Several new research studies underscore the important role of dairy foods in the diets of Americans, particularly children.
The Dietary Guidelines for Americans recommends three daily servings of nutrient-rich, low-fat or fat-free milk, cheese or yogurt for adults and children 9 years of age or older, and two daily servings for children ages 2-8. A recent abstract shows that milk is the leading food source of calcium, phosphorous, vitamin D and potassium in the American diet. These new findings emphasize the importance of dairy's critical nutritional contribution.
Higher dairy consumption as part of a healthy diet leads to higher nutrient intake, as well as better diet quality and bone health, and has been associated with reduced risk of several diseases and conditions: osteoporosis, hypertension, obesity, metabolic syndrome and diabetes.
According to a pair of abstracts presented at the American Society for Nutrition's scientific sessions and Annual Meeting as part of the Experimental Biology conference on April 26 and 27, the dairy food group (milk, cheese and yogurt) was found to be not only the top source of calcium (39% contribution to overall intake) and vitamin D (52%), but also a substantial contributor of phosphorous and potassium. In addition, the dairy food group was found to be the top contributor of vitamin D in the diets of children 2-18 years old (68% contribution to overall intake) and adults 19 years and older (46%).
"This new research reinforces that dairy foods play an unparalleled role in delivering an array of key nutrients to the U.S. diet—beyond just calcium," said Victor Fulgoni III, senior vice president of Nutrition Impact, LLC, and one of the abstracts' authors. "Without consuming the recommended daily servings of milk and milk products, it can be difficult for most people to meet their nutrient needs. Considering that higher dairy intake is associated with increased nutrient intake and diet quality, as well as numerous health benefits—such as bone health and healthy weight maintenance—these findings support that there's few, if any, substitutes for dairy's incomparable nutritional value."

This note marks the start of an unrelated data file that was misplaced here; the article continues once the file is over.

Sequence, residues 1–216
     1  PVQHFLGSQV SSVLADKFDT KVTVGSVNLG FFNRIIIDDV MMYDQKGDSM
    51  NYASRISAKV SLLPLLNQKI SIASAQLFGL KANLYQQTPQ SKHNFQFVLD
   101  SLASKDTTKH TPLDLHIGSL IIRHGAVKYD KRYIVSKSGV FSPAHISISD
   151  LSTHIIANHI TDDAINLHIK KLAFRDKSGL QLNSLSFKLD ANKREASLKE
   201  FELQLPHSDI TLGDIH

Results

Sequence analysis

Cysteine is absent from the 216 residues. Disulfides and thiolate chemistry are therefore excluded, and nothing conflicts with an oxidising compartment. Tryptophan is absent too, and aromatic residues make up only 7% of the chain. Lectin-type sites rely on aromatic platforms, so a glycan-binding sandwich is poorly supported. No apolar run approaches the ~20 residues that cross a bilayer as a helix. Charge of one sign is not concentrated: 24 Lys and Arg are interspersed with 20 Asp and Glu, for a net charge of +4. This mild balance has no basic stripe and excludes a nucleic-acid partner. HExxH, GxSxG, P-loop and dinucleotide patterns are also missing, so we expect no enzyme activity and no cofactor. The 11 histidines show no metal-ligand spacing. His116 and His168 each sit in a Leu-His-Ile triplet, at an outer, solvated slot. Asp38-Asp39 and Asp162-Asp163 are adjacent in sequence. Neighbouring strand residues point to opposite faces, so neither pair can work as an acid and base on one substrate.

Many Americans, including children, are overweight and undernourished, and nutrient-rich dairy foods supply three of the five nutrients youth don't get enough of according to the Dietary Guidelines for Americans: calcium, potassium and magnesium, as well as protein and vitamin D. As a result, encouraging children and adolescents to meet the recommendation for dairy foods can help ensure they get the nutrients needed for growth and good health.
To help youth get the nutrients they need throughout life, it's crucial that they adopt healthy eating practices early. The Dietary Guidelines for Americans recommends increased intake of the Food Groups to Encourage (FGTE)—low-fat or fat-free milk or milk products, fruits, vegetables and whole grains. Consuming foods from these groups helps individuals meet their needs for shortfall nutrients, but most Americans, including children, do not consume the recommended amounts of the FGTE. As children move into adolescence, dairy foods may be one way to help increase their consumption of the FGTE. A new study published in the latest issue of the Journal of Child Nutrition & Management found that visible addition of cheese to various school lunch menu offerings may help increase the consumption of fruits, vegetables or whole grains compared to when cheese is not paired with them; therefore, potentially helping to increase total nutrient intake to improve diet quality.
"This study indicates the role cheese may play in helping youth get nutrients that are key to their overall health and wellness and can encourage them to consume a wide array of important food groups, including more fruits, vegetables and whole grains," said Joseph Donnelly, Ed.D., director, Center for Physical Activity and Weight Management at University of Kansas and one of the study's authors. "Dairy foods are important sources of nutrients for children, teens and adults—such as calcium, protein, vitamin D, magnesium, phosphorus and potassium—and when consumed at a young age, contribute to more healthful eating habits."
Another new study echoes the importance of emphasizing healthful diet patterns at a young age, including milk consumption. The study, recently published in the Journal of the American Dietetic Association, found that what children drink early in life can be indicative of nutrient intake and beverage choice during teenage years. Researchers found that girls who drank soda at age 5 had higher subsequent soda consumption and lower milk intake in later years, resulting in a higher consumption of added sugars and lower intakes of protein, fiber, vitamin D, calcium, magnesium, phosphorus and potassium from ages 5 to 15 years, as compared to girls who did not consume soda at that age.